Videoconferencing and the Internet
The Internet holds the greatest promise in videoconferencing for teaching and
learning, whether with large audiences or face-to-face consultations. Its universal
presence makes it the next logical vehicle for videoconferencing.
In recent years, companies specializing in videoconferencing systems have begun to exploit the greater bandwidth capabilities available to educational institutions and businesses. Connecting to television monitors or computers through an Ethernet connection, teachers and students have a choice of videoconferencing products (e.g., Polycom, Tandberg, or VCON). Using common transmission standards they can be connected to another site with similar capabilities virtually anywhere. Most of these units do not draw from the processing power of the computer. Therefore, one can use application sharing, file transmission, whiteboard, abd chat room resources or course management systems while in the videoconference.
A drawback of these systems resides with the levels of service provided by consumer-based Internet providers. Many online students are still relegated to 28.8K and 56K telephone modems, which cannot process video data quickly. Even where cable, satellite, and DSL connections are available, companies may allow enough bandwidth to receive incoming audiovisual information to the customer's desktop, but restrict the outgoing signal unless a substantial fee is charged. Therefore, students must have access to an Ethernet connection, which usually means a public school, collegiate institution, or business to take advantage of two-way videoconferencing over the Internet.
Streaming Video for Teaching Music
Real-time streaming video and audio represent a compromise for the current state
of consumer bandwidth. At Indiana University-Purdue University Indianapolis
(IUPUI), the School of Music's Master of Science in Music Technology program
uses a hybrid system that includes streaming video and audio from the teaching
site. It displays for the online student not only the teacher and on-campus
students attending class, but any information that appears on the teaching station
desktop computer, recorded music and video, and electronic keyboard sounds.
Online students can participate with the class through a chat room that all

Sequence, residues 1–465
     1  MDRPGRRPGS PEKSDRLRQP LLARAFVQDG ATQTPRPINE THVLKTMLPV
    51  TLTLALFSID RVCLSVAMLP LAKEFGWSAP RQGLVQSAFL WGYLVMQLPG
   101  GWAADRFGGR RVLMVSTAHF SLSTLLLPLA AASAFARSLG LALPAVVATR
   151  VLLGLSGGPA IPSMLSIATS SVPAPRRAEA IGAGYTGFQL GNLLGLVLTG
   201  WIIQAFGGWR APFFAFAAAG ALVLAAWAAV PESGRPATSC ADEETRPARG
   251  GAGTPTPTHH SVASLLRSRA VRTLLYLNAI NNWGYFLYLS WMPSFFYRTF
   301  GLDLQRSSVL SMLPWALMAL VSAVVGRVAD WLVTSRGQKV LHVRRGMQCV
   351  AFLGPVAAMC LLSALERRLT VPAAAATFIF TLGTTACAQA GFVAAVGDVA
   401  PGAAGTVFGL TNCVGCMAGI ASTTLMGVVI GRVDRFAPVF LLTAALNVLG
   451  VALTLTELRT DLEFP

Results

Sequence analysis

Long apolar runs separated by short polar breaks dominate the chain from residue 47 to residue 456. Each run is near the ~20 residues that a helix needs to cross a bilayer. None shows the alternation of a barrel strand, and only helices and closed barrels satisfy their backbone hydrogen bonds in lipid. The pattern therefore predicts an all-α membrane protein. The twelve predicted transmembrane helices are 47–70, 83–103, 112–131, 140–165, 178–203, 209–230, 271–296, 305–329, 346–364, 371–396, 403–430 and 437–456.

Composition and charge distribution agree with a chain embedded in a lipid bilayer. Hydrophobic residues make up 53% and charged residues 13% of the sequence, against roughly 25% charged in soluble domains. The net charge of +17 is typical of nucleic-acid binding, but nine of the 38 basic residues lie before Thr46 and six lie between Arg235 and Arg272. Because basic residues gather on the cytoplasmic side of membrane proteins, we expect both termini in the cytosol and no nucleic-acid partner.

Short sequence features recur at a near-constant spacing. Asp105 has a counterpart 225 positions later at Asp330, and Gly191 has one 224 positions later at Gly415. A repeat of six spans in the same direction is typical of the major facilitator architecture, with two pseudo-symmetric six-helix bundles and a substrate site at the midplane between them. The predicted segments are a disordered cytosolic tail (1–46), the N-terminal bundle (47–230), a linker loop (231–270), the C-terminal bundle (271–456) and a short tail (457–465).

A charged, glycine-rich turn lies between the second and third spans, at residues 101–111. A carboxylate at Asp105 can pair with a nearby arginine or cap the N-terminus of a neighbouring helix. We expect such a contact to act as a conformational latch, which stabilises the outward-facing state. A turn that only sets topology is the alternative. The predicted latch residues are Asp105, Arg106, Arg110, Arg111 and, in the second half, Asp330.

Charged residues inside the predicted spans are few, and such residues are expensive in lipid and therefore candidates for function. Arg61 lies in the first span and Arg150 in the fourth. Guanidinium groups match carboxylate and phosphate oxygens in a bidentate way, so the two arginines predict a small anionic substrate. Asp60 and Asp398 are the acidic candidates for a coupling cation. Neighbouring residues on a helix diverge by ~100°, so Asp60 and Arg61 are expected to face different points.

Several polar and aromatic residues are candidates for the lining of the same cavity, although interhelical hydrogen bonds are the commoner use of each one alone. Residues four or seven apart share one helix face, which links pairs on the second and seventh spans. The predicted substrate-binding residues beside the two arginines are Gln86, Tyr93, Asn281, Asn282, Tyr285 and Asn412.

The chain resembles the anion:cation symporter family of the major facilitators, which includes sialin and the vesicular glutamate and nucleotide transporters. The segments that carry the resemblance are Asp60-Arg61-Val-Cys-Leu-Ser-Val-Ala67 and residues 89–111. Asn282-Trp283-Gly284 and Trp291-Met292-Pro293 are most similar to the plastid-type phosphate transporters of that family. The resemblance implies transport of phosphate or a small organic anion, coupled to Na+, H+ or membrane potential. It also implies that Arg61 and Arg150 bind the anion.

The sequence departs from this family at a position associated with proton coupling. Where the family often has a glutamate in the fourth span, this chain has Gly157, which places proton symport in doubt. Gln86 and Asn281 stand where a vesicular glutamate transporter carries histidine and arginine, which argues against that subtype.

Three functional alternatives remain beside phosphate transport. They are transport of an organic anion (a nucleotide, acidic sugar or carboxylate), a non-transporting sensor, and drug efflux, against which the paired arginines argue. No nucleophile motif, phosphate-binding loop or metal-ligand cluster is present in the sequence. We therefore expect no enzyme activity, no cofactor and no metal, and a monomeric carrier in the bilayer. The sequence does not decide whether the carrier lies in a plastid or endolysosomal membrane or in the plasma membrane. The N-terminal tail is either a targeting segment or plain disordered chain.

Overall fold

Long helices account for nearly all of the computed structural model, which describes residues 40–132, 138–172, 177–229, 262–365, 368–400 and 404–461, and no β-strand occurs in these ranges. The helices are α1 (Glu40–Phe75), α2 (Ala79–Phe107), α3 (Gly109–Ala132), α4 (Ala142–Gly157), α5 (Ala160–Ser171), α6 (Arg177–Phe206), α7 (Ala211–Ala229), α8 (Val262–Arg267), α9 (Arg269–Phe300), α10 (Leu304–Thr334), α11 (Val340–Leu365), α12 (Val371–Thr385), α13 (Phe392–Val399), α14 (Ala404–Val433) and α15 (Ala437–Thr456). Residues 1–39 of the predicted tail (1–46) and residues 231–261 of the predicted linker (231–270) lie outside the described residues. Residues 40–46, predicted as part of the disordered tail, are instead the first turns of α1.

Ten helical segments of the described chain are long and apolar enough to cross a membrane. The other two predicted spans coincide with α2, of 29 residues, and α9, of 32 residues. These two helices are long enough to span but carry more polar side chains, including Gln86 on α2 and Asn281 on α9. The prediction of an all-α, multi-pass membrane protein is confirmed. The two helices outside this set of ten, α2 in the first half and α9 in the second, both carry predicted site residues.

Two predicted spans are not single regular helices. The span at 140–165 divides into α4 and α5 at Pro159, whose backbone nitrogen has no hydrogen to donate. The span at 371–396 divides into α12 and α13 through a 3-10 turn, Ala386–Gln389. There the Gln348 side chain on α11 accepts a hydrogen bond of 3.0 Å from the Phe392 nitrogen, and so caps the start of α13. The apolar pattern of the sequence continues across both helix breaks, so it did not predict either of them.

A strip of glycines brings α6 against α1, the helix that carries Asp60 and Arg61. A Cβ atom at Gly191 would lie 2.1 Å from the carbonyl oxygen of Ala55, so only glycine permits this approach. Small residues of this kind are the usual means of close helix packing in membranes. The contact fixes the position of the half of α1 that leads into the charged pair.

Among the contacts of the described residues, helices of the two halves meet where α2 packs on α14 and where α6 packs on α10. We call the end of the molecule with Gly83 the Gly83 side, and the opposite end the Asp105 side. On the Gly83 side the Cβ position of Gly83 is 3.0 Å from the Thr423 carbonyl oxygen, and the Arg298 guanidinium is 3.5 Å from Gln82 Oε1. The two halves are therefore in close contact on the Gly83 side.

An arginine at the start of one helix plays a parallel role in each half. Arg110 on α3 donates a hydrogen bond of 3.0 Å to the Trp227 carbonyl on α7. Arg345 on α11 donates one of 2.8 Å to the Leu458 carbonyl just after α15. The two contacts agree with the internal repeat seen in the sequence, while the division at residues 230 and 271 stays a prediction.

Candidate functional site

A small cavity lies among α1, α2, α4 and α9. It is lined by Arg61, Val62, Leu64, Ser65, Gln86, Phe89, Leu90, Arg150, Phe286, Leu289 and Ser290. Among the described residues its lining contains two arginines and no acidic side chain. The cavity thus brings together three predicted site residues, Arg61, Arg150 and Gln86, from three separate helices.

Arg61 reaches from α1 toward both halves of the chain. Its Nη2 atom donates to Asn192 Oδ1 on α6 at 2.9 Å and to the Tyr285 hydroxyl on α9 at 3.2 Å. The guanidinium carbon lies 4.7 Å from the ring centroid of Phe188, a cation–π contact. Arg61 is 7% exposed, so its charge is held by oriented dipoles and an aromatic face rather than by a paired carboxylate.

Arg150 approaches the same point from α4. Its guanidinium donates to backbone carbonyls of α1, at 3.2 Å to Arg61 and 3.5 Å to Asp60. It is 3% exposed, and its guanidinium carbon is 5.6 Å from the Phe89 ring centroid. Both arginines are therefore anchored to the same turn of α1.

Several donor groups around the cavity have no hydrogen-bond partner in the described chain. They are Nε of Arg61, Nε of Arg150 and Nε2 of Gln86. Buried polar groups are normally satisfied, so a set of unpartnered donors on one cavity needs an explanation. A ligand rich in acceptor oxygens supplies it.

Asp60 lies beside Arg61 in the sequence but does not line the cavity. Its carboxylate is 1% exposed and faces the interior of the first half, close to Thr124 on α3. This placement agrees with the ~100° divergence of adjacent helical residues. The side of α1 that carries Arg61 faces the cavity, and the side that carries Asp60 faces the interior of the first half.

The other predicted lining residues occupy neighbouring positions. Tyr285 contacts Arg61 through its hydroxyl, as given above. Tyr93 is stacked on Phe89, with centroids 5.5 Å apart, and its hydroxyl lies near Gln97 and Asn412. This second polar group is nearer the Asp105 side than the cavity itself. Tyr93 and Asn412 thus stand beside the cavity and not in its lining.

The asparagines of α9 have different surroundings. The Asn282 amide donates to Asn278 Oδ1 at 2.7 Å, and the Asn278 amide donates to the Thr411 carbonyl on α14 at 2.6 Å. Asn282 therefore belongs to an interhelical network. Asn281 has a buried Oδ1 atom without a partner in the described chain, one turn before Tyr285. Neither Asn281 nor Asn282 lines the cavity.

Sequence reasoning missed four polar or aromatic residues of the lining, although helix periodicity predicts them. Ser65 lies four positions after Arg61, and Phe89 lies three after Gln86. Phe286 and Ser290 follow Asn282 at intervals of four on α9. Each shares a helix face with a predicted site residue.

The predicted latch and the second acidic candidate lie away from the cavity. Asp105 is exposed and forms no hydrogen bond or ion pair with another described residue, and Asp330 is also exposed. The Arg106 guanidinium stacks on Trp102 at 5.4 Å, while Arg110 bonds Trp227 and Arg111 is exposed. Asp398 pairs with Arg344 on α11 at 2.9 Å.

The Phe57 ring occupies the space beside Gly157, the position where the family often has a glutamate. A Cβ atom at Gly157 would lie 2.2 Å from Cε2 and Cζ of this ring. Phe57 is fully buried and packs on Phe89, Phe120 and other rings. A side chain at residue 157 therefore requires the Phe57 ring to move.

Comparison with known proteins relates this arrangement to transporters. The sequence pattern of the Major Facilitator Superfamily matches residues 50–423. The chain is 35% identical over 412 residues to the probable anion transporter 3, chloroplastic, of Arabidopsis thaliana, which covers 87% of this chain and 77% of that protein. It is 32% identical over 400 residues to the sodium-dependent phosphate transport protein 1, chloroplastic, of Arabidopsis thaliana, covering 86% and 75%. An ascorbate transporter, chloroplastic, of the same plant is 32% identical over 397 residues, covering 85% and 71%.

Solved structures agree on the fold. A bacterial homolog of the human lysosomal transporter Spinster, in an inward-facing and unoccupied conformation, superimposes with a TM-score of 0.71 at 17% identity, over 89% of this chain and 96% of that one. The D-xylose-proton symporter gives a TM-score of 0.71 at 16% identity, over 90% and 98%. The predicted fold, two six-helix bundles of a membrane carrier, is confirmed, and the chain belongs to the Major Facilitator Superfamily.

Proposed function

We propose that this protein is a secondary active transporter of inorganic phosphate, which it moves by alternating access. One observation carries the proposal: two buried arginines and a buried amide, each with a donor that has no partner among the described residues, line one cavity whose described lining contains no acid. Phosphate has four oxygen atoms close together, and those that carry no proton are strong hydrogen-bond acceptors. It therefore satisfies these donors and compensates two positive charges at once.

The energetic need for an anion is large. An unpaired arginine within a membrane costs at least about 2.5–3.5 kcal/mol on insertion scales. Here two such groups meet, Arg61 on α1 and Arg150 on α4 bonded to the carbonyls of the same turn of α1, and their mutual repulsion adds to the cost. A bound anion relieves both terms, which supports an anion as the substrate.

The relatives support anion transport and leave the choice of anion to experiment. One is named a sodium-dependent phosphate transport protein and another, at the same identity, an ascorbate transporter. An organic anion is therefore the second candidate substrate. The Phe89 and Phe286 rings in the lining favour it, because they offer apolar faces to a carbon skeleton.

of the students and instructor can see and to which they can respond instantaneously.
The software that enables this process to occur is called ClassCast. It is used
along with a course management system developed at Indiana University called
To retain a sense of course continuity and class association, on-campus and online students meet at prescribed class times for their courses through the year. All streamed video classes are archived in OnCourse for future viewing. Like its commercial course management counterparts, OnCourse is a scaffold for course information, student grades, test administration, and assignments, with its own e-mail, forum, and chat room capabilities. Online students come from out-of-state (e.g., Oregon, Michigan, New York, Georgia) as well as within Indiana.
The Future: Internet2
Videoconferencing for teaching and learning over the Internet requires greater
bandwidth than is generally available. This is particularly true for disciplines
like music that demand high-quality audio. The Internet2 (I2) network, a consortium
of more than 180 universities in the United States and 40-plus similar networks
worldwide, is the next frontier for high-quality videoconferencing. Using IP
and MPEG formats, the School of Music at IUPUI has conducted more than two dozen
videoconferences with other states and countries, involving lectures, demonstrations,
and performances using I2.
In February 2002, an instructor taught all of his music classes by
videoconferencing from Perth, Australia over a two-week period to students at the IUPUI campus using the high-speed Internet capabilities in that country and the United States. This process included sharing music and video files, viewing and responding to student presentations, and providing instructional information during regularly scheduled class times in the same rooms used for weekly instruction—all moderated from a desktop computer in a local professor's office. Except for the inconvenience of time differences for the instructor, the stability of transmission and the ease of working in the videoconference demonstrated that this was a resource to be considered seriously for distance learning over the Internet.
Currently, professors at the IUPUI School of Music are working simultaneously with colleagues in Iowa, Indiana, Illinois, Georgia, Kansas, Finland, and Australia on multiple projects over I2 to explore techniques. The goals are to build collegial networks and share knowledge on how best to use this resource for music teaching and performance.
While many educators do not have access to Internet2 as of yet, it is likely to become available in some form for most collegiate campuses and school districts in the years to come. Likewise, consumer Internet connections should improve enough to support desktop videoconferencing. Knowing how to work with these resources remains both a challenge and an opportunity for the dedicated teacher. However, the eventual integration of videoconferencing through the Internet will play an important role in bringing the online student just a bit closer to campus and the instructor in the way we cherish on-campus instruction.